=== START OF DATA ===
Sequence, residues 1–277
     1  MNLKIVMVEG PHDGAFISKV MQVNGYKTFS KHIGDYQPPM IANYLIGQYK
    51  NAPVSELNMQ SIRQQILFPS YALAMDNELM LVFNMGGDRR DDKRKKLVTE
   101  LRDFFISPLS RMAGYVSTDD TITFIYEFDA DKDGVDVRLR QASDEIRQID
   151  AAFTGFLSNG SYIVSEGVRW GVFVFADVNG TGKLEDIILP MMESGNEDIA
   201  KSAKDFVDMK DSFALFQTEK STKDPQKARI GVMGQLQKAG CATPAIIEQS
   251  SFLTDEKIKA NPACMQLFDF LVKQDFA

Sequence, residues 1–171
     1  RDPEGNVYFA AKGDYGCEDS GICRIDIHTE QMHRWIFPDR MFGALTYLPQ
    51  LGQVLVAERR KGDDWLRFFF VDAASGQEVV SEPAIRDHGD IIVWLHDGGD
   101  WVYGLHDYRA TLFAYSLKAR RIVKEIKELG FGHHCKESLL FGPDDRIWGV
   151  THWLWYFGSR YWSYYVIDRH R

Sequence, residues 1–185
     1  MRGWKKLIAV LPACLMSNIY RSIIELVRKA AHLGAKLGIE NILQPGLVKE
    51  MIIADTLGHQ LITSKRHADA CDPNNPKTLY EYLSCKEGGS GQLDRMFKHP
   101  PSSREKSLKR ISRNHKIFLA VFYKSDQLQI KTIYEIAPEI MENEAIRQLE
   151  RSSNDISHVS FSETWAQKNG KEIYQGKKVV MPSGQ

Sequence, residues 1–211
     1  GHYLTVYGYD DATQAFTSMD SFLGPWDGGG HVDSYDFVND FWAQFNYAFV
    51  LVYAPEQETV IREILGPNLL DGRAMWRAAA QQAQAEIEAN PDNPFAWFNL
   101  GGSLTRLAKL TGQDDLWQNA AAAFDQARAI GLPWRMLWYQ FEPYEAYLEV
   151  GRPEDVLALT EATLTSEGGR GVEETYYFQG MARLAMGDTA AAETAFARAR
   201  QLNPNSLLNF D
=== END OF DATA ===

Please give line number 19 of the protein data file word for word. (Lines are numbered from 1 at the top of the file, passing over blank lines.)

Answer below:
     1  GHYLTVYGYD DATQAFTSMD SFLGPWDGGG HVDSYDFVND FWAQFNYAFV